Saltwood 6am: I awake from a curiously pleasurable dream about Ann Widdecombe to find the grounds of my magnificent castle blanketed in three inches of snow. A terrible screeching noise pierces the air. It transpires that several of the peacocks have frozen solid overnight and Wolfgang, the hired hand, is attempting to revive them in the sauna.
London 10am: My case against the Evening Standard, and its absurd parody of my Diaries, is grinding to a close in the High Court. With a bit of luck it will be over by midday. I've arranged to meet Fatty Soames for lunch at Wilton's, where we plan to feast ourselves on Dover sole, washed down by a bottle or two of their finest Meursault.
10.30am: Geoffrey Hobbs, my QC, kicks off by complaining about the "blaze of publicity" that I have endured over the past couple of days. I have been deeply wounded by such sensational headlines as "The MP and the sex coven", he says. The red-haired court usher is weeping openly. There follows a tiresome discussion about the timetable for the rest of the proceedings, which has been thrown off kilter because Peter Prescott, the newspaper's counsel, is wanted in Singapore for another case. Judging by the standard of his suits, he'll be travelling steerage.
11.30am: Harry Coen, our expert witness, is called to testify that the presentation of the Standard's spoof diary could fool readers into believing it is written by me. The weekly column appears under a most fetching photograph of myself, but is actually penned by a young whippersnapper, Peter Bradshaw. Coen, acting editor of the Catholic Herald, is a jovial, bearded fellow who looks as if he enjoys a good lunch. At one point he refers to a picture that was published in Private Eye of Lady Thatcher "looking particularly mad". The faintest hint of a frown crosses my patrician features. I am not paying Coen a small fortune so that he can take the Divine One's name in vain.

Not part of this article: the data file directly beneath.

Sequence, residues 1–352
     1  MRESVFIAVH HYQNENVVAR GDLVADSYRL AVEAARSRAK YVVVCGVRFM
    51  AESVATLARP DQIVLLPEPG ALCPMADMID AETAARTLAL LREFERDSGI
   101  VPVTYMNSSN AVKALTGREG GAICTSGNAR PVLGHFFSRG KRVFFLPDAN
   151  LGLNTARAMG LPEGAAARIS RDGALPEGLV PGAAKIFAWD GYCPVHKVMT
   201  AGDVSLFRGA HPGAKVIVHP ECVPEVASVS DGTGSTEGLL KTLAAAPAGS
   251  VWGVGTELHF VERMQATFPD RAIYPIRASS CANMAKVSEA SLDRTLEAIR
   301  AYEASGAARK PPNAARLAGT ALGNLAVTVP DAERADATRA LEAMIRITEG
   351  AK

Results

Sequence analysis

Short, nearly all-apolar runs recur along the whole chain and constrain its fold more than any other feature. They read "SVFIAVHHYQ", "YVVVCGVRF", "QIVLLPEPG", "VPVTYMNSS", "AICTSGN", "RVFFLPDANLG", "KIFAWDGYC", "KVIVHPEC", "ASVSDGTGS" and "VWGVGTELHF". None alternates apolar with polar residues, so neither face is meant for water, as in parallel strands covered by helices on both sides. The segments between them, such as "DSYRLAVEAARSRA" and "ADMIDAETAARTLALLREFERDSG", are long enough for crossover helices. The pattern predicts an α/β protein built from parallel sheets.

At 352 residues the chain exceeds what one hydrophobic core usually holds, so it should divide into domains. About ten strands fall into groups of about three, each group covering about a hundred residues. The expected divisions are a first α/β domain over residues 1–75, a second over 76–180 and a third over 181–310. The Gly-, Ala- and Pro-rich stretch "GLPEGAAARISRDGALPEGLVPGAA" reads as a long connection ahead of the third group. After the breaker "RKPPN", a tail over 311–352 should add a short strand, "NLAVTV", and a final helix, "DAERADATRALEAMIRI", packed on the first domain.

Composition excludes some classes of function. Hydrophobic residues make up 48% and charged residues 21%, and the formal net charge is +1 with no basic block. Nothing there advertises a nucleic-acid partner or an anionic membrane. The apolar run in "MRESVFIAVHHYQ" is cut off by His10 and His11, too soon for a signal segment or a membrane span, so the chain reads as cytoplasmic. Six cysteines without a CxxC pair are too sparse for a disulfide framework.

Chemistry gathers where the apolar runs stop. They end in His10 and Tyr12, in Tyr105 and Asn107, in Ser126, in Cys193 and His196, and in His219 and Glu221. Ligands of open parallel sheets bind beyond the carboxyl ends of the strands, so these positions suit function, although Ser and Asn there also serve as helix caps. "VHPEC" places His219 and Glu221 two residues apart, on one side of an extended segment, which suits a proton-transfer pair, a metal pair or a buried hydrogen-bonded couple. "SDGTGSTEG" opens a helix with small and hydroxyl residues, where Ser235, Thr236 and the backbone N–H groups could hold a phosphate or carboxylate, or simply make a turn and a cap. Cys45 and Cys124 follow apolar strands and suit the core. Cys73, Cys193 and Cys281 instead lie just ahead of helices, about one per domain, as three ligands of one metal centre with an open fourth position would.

12.30pm: I while away the time by flicking through the latest copy of Viz, a magazine which features a most humorous character called Sid the Sexist. The case is now set to run on into the afternoon. Curses!
2pm: The Standard calls Matthew Evans, chairman of Faber & Faber, who claims my literary reputation will not be harmed by Bradshaw's nonsense. Evans has the damned cheek to compare me with Jeffrey Archer, whom he describes as another author with a colourful lifestyle. I raise my eyes heavenwards and lean back so far in my seat that I almost topple over into the lap of Hobbs, who is sitting behind.
2.45pm: Next up is Donald Trelford, former Observer editor. Trelford, barely visible over the edge of the witness box, calls me a celebrity cult figure whose reputation is only enhanced by adverse publicity. That was not the case with Oscar Wilde, Mr Justice Lightman interjects. Trelford ventures the opinion that any Standard readers who have been misled about the authorship of the parodies are "not the sort of people who make literary reputations".
3.30pm: Hurrah! It's all over until New Year, when court will reconvene. I jump into the Jag and burn rubber all the way up Pall Mall. Should be able to catch Soames for the tail end of lunch.Reuse content